Everything starts with a vision for what the customer experience could be compared to what it is today. Naturally, you’ll find a gap. Closing this gap immediately is your CX imperative. Investing in the CX to bring your vision to life is your competitive advantage.

CX matters.

Every touch matters.

It just takes a common vision to take everything to an entirely different level.

I hope this thought leadership study will serve as your guide to digital transformation and more so, consumer relevance and improved customer experiences and relationships.

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13 COMMENTS ON THIS POST To “Digital Transformation Starts with Reimagining the Customer Experience”

  1. Daniel Taibleson says:

    I work at a start up in AZ managing the customer experience. I have to say, I’m extremely pleased to see you and your partners taking such an interest in customer experience. I think that as we’re all attempting to come up with the next best product or service (or startup), we tend to forget that brand loyalty is created not just through marketing, but even more specifically real shared experiences.

    Marketing is a strategic/tactical way that businesses attempt to create these shared experiences when people aren’t looking for them. Or an attempt to catch someones attention when they’re searching for something but don’t quite know the right solution to their own problem yet. That’s all well and good, you probably already knew that, but at the end of the day, everything comes back to customer experience. The overall experience with your business, not just one cool feature of your flagship product. It doesn’t matter if you have the best dev’s in the world, if your customer service sucks, people will not stick with your brand in 2015. (You can’t just keep deleting people’s angry Facebook comments!)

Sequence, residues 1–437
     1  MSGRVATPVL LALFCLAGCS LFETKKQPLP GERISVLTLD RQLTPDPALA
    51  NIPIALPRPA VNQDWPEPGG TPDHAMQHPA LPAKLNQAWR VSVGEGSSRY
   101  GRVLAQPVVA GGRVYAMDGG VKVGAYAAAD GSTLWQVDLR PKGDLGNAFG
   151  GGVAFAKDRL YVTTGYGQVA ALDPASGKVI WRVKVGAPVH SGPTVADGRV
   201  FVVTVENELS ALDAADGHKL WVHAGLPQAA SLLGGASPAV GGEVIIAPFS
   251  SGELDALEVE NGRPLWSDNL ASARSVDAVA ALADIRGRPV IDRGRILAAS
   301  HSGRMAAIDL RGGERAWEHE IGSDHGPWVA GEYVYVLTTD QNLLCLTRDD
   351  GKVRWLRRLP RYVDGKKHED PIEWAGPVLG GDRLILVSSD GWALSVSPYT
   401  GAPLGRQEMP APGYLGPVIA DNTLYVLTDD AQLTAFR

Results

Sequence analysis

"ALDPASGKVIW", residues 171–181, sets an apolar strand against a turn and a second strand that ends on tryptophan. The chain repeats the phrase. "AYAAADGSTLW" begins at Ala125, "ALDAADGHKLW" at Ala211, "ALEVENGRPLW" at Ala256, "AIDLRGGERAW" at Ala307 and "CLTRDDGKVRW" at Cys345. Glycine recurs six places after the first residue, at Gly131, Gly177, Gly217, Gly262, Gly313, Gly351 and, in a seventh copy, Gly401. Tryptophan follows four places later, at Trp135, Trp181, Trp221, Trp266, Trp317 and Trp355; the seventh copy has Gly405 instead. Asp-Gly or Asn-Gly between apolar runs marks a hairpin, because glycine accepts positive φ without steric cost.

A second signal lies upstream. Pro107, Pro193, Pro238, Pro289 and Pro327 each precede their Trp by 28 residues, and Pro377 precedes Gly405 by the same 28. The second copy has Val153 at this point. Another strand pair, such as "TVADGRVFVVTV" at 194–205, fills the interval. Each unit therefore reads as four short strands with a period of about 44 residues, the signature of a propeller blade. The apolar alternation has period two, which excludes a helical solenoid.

Business is still human, it always has been, and always will be.

    The reason I’ve been talking about marketing in this comment is because I feel like the role of customer experience is comparable to the role of a UX/UI person on the product side, giving marketer’s their first real chance to dabble in the creation of “user experience” (which is a “cool” profession to have these days) without having to know how to code. And the good news is that the people who are truly passionate about their business and truly care about the people they are attempting to serve will jump at this chance to be held accountable for the customer experience.

    Because that’s what this really is right? The next step in corporate accountability. Planning for success also means sometimes taking responsibility for your failures when things don’t work out. More accountability scares people who are already scared about hitting sales numbers and appeasing investors (all understandably). But if you put customer experience at the front of your brand and core values, the rest will really take care of itself (like we’ve seen with Zappos).